Indonesia volcano belches ash tower 2 km into the sky

By AFP   May 30, 2024 | 02:05 am PT
Indonesia volcano belches ash tower 2 km into the sky
Mount Ruang's volcanic eruption in Indonesia on April 30, 2024. Photo by AFP
A volcano in western Indonesia erupted on Thursday, spewing an ash cloud two kilometers into the sky as authorities warned residents over potential dangers from cold lava flows.

Mount Marapi in West Sumatra province erupted at 1:04 p.m. (0604 GMT), spewing thick grey clouds of ash two kilometers (1.2 miles) above its peak, the national disaster mitigation agency, or BNPB, said in a statement.

The volcano -- one of Indonesia's most active -- has been at the second-highest alert level of the country's four-tiered system for weeks, with authorities advising people to stay outside a 4.5-kilometer exclusion zone around its crater.

Local residents are advised to be vigilant over threats of cold lava flows following the eruption, BNPB spokesman Abdul Muhari said.

"People are urged to stay away from river areas that originate from the Marapi volcano and be on alert to the potential dangers of lahar that could occur, particularly when it rains," he said.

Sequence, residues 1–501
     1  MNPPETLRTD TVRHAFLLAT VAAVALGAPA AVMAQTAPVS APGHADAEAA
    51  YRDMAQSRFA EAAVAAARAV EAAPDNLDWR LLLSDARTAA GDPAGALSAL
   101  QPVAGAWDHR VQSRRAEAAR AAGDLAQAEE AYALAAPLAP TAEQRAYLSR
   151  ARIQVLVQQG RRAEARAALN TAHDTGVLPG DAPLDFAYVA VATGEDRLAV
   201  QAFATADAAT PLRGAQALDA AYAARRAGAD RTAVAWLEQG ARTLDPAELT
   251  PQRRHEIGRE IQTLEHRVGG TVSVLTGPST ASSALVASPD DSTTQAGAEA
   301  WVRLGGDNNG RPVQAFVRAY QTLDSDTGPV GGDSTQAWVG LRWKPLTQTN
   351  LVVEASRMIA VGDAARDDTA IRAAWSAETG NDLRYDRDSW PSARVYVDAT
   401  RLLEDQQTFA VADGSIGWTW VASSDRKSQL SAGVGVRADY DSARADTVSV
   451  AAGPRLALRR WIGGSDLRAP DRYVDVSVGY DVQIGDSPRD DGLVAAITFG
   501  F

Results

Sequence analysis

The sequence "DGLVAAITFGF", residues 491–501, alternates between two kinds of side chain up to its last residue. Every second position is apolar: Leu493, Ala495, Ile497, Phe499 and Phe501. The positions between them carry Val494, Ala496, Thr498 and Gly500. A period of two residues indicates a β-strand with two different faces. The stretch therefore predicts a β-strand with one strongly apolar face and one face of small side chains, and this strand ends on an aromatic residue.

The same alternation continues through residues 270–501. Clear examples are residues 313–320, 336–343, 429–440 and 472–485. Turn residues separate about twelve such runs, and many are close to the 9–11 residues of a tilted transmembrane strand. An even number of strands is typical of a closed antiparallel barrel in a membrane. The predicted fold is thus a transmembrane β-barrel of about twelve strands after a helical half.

Cold lava, also known in Indonesia as lahar, is a mixture of volcanic materials like ash, sand and pebbles carried down a volcano's slopes by rain.

Heavy rains this month caused volcanic debris to flow into districts near Marapi, killing more than 60 people, destroying dozens of houses, and damaging roads and mosques.

In the event of ash falls, residents should wear face masks to prevent respiratory problems and clear volcanic ash from the roofs of their houses to prevent collapses, geological agency head Muhammad Wafid said in a statement on Thursday.

Indonesia, a vast archipelago nation, experiences frequent seismic and volcanic activity due to its position on the Pacific "Ring of Fire."

In December, Marapi erupted and spewed an ash tower 3,000 meters (9,843 feet) into the sky.

At least 24 climbers, most of them university students, died in the eruption.

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